Last week, Vitality Group, a health services firm, announced a new program designed to lower healthcare costs for its clients. Employees of a handful of companies, including John Hancock, Amgen, and others, will get a chance to have an Apple Watch for just $25 – but there’s a catch. The employees will be required to meet fitness goals over a two-year period or pay full price for the smartwatch. Vitality’s parent company in South Africa has had the program for some time, and claims that the 17,000 participants in the program are more physically active. It’s unclear from Vitality’s announcement if the participating employers will be able to access the wellness data, or if only Vitality will receive it. We’ve got a few concerns.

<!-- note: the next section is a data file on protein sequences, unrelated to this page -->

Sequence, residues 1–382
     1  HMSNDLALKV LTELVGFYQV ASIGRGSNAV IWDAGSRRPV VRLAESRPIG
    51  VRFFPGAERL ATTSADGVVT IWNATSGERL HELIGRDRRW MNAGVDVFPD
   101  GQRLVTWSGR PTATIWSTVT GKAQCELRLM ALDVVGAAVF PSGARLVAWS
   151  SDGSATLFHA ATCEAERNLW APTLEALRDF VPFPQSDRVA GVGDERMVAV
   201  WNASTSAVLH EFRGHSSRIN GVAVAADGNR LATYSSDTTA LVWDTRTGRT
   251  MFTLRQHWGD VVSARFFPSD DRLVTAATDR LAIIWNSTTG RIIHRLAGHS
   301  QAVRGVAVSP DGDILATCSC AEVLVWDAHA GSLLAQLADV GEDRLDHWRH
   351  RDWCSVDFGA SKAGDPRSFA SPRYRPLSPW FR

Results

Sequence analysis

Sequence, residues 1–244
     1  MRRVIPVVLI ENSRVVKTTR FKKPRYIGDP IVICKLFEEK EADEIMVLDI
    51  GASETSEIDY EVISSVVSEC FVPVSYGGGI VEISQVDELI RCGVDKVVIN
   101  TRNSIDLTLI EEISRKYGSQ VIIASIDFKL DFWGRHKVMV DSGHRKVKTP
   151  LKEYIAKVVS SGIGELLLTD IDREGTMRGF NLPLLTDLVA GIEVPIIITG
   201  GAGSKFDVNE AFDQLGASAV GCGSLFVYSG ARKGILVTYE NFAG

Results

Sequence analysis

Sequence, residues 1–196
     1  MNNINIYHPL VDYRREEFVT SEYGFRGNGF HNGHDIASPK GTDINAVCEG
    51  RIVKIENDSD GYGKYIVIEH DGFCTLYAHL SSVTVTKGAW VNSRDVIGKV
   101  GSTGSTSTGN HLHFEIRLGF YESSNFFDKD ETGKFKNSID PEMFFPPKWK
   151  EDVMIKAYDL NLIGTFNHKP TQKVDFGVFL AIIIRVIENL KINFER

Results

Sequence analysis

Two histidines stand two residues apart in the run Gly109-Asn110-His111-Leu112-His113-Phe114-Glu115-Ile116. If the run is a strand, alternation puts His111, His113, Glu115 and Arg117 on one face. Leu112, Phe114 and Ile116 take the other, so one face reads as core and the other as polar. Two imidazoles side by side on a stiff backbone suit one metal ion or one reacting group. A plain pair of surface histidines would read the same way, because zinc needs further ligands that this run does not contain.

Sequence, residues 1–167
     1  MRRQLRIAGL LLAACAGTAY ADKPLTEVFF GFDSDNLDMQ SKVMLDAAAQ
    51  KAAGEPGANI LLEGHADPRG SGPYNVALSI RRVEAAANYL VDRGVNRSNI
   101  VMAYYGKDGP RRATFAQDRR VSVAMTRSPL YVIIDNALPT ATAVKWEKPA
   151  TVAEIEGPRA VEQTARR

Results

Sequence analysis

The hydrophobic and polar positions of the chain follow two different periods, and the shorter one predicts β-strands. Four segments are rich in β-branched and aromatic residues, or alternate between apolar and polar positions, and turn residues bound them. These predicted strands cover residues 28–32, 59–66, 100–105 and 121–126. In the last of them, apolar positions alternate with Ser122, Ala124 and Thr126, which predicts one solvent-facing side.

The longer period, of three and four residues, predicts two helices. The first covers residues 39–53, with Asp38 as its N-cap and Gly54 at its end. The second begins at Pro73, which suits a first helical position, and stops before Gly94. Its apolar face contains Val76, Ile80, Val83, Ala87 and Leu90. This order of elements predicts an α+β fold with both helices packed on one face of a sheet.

- The EEOC launched two lawsuits alleging that discrimination based on sexual orientation is sex discrimination prohibited by Title VII.
- Yelp received another open letter from an employee, this time from a single mother who alleged she was treated differently because she's a parent.
- PerformanceICreate asked HR professionals to step up on diversity issues, moving from defense to offense.
- Facebook announced plans to expand its Facebook at Work communications platform.
- TalentCulture gave tips on how to create an HR technology strategy.
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- The New York Times covered a new app designed for day laborers to track the wages they are owed.
In other developments:
- Employers listed on Fortune’s 100 Best Companies to Work For focused on fairness and equity in 2015.
- HR Bartender discussed whether an employee should resign or get fired.
- Inc. cautioned employers to beware of the consequences of a $15 minimum wage.
- Former iron ore mine employees filed a lawsuit against the mine’s executives alleging failure to pay overtime.